This post was most recently updated on July 19th, 2021
In part one of this blog series we explored the data and analytics available for the modern farmer looking to be more data oriented. This part explores the technological innovations allowing farmers to collect and access more data for their operations. As the need for more sustainability and profitability in agriculture increases, so will the application of analytics.
New models in agriculture, particularly precision agriculture are based largely on leveraging data. For them to be successful, the quality of agricultural data collected will also need to increase significantly. This has brought the need to evaluate current data sources and have a detailed understanding of their capabilities.
For this data to be most valuable, meaningful integration needs to be established. Agricultural data will not paint a comprehensive picture if analysed in isolation. Like in the previous post, we will be concentrating on field agriculture. Other forms of agriculture also offer vast and interesting data collection means, but we will touch on them in future posts.
Some of the important sources of data for agricultural analytics include;
Farming Implements and Equipment
Modern farming implements and equipment act as the conduit for the collection of data. Many are mounted with sensors that collect data as they are used. A lot of quality data can be collected because these implements cover every square meter of the farm. They are the most economical as well since they collect data while performing core farming activities.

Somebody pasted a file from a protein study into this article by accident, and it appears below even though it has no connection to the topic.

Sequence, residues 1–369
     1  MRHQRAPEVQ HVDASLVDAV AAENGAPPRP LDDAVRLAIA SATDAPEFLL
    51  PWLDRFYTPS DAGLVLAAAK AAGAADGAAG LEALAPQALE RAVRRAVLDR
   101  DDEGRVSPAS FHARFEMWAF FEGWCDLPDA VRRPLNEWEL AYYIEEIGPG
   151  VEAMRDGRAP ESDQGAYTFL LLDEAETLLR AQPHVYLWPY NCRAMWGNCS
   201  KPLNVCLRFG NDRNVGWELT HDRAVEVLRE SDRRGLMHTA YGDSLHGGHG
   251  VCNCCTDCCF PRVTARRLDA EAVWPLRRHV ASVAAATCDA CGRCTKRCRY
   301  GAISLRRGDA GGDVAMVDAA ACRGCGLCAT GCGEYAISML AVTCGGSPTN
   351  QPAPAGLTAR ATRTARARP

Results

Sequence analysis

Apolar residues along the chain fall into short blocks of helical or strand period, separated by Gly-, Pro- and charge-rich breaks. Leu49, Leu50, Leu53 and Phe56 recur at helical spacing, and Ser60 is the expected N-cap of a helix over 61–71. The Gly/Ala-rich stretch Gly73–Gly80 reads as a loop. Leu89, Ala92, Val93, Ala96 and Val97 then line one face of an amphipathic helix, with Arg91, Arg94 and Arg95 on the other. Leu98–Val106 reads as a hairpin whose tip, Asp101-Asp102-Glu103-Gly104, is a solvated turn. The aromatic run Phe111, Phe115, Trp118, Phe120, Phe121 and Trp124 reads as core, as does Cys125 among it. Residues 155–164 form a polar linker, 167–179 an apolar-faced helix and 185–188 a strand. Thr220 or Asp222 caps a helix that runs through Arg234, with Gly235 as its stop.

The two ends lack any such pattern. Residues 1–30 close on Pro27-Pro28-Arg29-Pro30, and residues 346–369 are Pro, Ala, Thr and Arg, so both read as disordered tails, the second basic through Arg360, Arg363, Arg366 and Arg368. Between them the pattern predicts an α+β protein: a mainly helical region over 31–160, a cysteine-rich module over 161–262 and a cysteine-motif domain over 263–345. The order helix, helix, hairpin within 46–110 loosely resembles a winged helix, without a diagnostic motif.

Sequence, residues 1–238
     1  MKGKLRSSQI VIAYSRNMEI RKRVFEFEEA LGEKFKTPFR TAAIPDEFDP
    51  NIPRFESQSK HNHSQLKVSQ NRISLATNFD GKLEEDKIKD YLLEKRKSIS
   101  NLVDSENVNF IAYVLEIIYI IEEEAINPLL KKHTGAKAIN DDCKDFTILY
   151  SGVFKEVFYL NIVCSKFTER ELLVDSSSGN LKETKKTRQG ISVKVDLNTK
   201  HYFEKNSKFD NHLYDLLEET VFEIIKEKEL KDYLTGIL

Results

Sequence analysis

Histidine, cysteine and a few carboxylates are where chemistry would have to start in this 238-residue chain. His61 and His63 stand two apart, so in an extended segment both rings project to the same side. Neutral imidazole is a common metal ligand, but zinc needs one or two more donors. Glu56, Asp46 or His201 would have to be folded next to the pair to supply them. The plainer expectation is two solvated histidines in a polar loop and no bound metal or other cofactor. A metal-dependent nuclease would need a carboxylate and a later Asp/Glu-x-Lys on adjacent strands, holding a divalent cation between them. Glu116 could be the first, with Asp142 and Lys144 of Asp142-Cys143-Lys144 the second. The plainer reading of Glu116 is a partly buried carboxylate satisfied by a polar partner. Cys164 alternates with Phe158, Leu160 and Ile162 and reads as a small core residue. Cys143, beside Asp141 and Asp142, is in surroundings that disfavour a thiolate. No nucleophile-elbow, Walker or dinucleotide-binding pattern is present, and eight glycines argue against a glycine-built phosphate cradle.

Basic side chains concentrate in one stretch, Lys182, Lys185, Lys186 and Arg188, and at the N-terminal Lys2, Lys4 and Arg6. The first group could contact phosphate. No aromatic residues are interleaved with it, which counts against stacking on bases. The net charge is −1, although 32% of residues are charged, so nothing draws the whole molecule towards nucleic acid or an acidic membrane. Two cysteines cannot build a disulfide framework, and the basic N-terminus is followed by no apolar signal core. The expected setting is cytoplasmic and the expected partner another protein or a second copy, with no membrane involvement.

There is no need to invest extra to collect data using farming equipment. Tractors, harvesters, irrigation rigs, pesticide and herbicide sprayers among others collect real-time data related to their tasks including seeding, soil moisture, yields. Also important is telemetry data which can be used to cost inputs like fuel.
The data on the amount of resources they distribute can be combined with telemetry data to come up with the total cost of the yield per division of the farm. Armed with these insights, the farmer can decide which areas are worth planting.
Global Positioning Systems
Global Positioning Systems (GPS) has changed possibilities in farming. Traditionally, farmers treat their entire farm as one big extension inputting resources equally across. This system is highly inefficient. Farms are vast expanses, highly unlikely to need equal inputs on every square meter.
Because of this, precision agriculture has arisen. It is based on variable application, inputting resources as necessary across the field. All inputs, from seeds to pesticides and herbicides, irrigation and so on are implemented based on each area’s characteristics. All this is possible if the farm is divided into grids that share similar characteristics.